PICKS are stories from many sources, selected by our editors or recommended by our readers because they are important, surprising, troubling, enlightening, inspiring, or amusing. They appear on our site and in our daily newsletter. Please send suggested articles, videos, podcasts, etc. to picks@whowhatwhy.org.

Florida Enacts Sweeping Law to Protect Its Wildlife Corridors (Maria)

The author writes, “Florida made conservation history by enacting a bill and securing $400 million in funding to help protect the state’s vast network of natural areas. Known as the Florida Wildlife Corridor Act, the legislation passed the Florida State Senate and House unanimously in late April. It was signed by Gov. Ron DeSantis on the evening of June 29. The act formally recognizes the existence of the Florida wildlife corridor, an interconnected web of green spaces throughout much of the state that includes forests, swamps, fields, pastures, timberlands, and even the edges of suburbs.”

Democrats Have One Option Left (DonkeyHotey)

The author writes, “Congressional action has long seemed the only realistic lever for Democrats to resist red states’ surge of voter-suppression laws, which are passing, as I’ve written, on an almost entirely party-line basis. In the state legislatures, Democrats lack the votes to stop these laws. And while the John Roberts–led Supreme Court — which opened the door to these restrictions by eviscerating another section of the Voting Rights Act in his 2013 Shelby County decision — always seemed unlikely to restrain the Republican-controlled states, [last week’s] ruling from the six GOP-appointed justices eliminated any doubt.”

Exxon Lobbyist Brags About Regular Access to Joe Manchin (Dan)

The author writes, “Exxon Mobil says it has regular access to Sen. Joe Manchin (D-W.Va.) and his staff, according to leaked comments by a senior lobbyist for the oil giant. The remarks came from Keith McCoy, Exxon’s senior director of federal relations in Washington. ‘Joe Manchin ― I talk to his office every week. He is the kingmaker, and he’s not shy about staking his claim early and completely changing the debate,’ McCoy said.” 

‘We Are All Victims’: How Republicans Became the Party of the Persecution Complex (Reader Steve)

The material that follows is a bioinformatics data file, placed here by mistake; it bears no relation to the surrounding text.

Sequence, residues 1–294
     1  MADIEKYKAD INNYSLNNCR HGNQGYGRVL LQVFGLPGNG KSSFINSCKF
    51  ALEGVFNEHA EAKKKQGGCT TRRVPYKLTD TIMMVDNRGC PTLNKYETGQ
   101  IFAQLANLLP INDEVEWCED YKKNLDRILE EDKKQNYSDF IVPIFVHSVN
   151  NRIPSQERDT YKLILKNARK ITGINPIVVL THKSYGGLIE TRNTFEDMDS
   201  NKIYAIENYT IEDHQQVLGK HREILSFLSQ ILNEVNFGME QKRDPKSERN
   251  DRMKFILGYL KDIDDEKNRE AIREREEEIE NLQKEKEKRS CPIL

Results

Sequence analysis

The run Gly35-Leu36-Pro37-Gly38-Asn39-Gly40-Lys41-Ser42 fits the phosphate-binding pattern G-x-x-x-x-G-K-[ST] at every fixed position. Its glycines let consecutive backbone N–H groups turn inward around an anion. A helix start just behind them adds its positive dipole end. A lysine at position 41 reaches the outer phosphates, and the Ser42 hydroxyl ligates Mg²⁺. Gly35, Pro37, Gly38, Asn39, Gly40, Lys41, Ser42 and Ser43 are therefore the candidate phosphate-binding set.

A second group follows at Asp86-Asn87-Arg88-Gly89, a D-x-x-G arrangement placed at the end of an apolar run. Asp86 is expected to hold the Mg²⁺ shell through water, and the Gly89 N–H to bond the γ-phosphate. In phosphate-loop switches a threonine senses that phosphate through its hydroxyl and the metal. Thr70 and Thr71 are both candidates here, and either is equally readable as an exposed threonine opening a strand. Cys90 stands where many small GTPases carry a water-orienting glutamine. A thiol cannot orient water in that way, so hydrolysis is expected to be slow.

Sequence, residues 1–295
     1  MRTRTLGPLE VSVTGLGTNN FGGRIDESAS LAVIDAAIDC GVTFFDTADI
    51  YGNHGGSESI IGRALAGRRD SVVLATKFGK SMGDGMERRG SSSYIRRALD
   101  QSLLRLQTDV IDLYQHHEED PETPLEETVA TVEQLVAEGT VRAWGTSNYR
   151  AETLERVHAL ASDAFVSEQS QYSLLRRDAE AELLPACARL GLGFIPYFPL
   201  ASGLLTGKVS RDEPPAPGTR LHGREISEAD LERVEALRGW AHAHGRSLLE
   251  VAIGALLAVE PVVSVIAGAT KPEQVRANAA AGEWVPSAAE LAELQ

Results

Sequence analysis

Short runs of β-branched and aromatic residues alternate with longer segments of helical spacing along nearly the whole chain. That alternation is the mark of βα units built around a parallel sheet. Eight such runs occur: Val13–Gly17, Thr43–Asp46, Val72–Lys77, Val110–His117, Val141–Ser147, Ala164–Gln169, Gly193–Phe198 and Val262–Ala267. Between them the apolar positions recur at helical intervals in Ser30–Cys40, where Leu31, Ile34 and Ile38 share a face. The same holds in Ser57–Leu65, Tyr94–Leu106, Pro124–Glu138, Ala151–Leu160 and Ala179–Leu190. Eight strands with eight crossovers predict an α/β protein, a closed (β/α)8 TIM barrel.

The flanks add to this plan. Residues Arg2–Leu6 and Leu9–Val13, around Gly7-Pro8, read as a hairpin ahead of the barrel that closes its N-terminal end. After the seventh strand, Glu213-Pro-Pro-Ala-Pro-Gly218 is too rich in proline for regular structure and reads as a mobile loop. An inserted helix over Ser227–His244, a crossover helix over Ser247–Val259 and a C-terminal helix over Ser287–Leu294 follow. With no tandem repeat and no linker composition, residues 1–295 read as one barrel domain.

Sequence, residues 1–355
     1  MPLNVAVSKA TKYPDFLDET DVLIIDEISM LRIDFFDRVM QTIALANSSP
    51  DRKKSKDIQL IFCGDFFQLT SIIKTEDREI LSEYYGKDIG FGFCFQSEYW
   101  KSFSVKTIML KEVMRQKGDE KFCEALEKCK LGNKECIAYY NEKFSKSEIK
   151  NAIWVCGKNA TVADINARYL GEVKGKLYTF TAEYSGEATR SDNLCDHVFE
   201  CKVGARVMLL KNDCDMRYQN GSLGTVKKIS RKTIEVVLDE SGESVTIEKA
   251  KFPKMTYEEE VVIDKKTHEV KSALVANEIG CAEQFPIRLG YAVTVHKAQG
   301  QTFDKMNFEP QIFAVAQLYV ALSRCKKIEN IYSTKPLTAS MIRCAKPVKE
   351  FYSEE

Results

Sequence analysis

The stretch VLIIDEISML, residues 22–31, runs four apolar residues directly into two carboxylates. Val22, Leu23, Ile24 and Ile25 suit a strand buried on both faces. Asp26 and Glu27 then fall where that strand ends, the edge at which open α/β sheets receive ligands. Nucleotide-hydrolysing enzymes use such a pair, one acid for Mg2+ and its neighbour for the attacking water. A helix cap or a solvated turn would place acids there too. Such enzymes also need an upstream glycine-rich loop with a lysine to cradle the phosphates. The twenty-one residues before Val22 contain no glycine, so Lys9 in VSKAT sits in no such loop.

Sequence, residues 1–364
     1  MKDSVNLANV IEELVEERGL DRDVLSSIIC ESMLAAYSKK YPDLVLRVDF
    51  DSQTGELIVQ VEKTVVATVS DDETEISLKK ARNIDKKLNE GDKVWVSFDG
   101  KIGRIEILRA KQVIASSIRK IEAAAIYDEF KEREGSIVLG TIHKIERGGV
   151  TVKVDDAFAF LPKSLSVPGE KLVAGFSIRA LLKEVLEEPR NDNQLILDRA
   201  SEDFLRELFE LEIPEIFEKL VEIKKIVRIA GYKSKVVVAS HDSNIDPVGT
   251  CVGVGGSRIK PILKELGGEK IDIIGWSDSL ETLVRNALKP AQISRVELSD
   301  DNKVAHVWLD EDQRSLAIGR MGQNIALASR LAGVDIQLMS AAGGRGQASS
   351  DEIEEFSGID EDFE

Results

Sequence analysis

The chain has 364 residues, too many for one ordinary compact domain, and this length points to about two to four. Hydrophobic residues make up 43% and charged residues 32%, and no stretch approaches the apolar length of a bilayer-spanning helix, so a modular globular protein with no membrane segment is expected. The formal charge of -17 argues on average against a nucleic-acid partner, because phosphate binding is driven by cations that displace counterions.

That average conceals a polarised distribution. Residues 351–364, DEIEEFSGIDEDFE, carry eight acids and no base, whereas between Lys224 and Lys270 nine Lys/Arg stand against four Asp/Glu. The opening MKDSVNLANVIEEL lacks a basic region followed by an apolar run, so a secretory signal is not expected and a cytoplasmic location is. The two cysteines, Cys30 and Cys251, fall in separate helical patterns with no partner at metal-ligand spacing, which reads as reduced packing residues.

From The Seattle Times: “The story of a local Republican comparing coronavirus vaccine rules to the Holocaust seemed, at first glance, to have a limited shelf life. After the story was reported in this newspaper, state Rep. Jim Walsh, R-Aberdeen — who wore a yellow Star of David and also said, preposterously, that ‘we’re all Jews’ — doubled down, but then later issued an apology after there were some calls for him to resign. The end — right? Equating yourself to Holocaust victims is obviously both offensive and delusional. … But there’s a bigger issue here — one that keeps happening, to the point of becoming an epidemic of its own. It’s that half our political system, the Republican half, is becoming consumed with victimhood and grievance.”

Israel, Morocco Take Baby Steps on Diplomatic, Social, Economic Ties (Mili)

From Al-Monitor: “Israeli President Reuven Rivlin was in the United States [last] week, for a farewell visit ahead of the end of his term July 9. As part of his visit program, 21 ambassadors participated in a ceremony at the United Nations’ New York headquarters, honoring Israel’s outgoing president. One of the ambassadors invited was Moroccan envoy to the UN Omar Hilale, who surprised the other participants. Not only did he come to the event, but he also chose to address the gathering, referring publicly to the normalization agreements signed between Israel and Arab countries, including Morocco. Hilale noted he considered this development as historic, hailing Israel’s willingness to reach these agreements and expressing his optimism for the future of the region. He said there was no alternative to peace.”

Hotter Than the Human Body Can Handle: Pakistan City Broils in World’s Highest Temperatures (Mili)

From The Telegraph: “When the full midsummer heat hits Jacobabad, the city retreats inside as if sheltering from attack. The streets are deserted and residents hunker down as best they can to weather temperatures that can top 52C (126F). Few have any air conditioning, and blackouts mean often there is no mains electricity. The hospital fills with heatstroke cases from those whose livelihoods mean they must venture out.”

New Research of Impact Crater Blows Away Previous Estimates of Its Age (Sean0

The author writes, “If you travel 140 miles southeast of Kiev, Ukraine, just before you reach the tiny village of Bukvarka, you’ll arrive at a patch of forest that streaks across agricultural lands. The gently sloping meadows and cottages are bucolic, giving no indication of the area’s violent past. But burrow down 1,700 feet or so and you’ll find the remnants of a catastrophic impact: a 15 mile–wide asteroid crater. Scientists say that about 65 million years ago an asteroid the length of three Eiffel Towers struck here, its fiery fallout blanketing an area the size of present-day Vermont.”

‘At First I Thought, This Is Crazy’: The Real-life Plan to Use Novels to Predict the Next War (Reader Jim)

The author writes, “The name of the initiative was Project Cassandra: for the next two years, university researchers would use their expertise to help the German defence ministry predict the future. The academics weren’t AI specialists, or scientists, or political analysts. Instead, the people the colonels had sought out in a stuffy top-floor room were a small team of literary scholars led by Jürgen Wertheimer, a professor of comparative literature with wild curls and a penchant for black roll-necks.”

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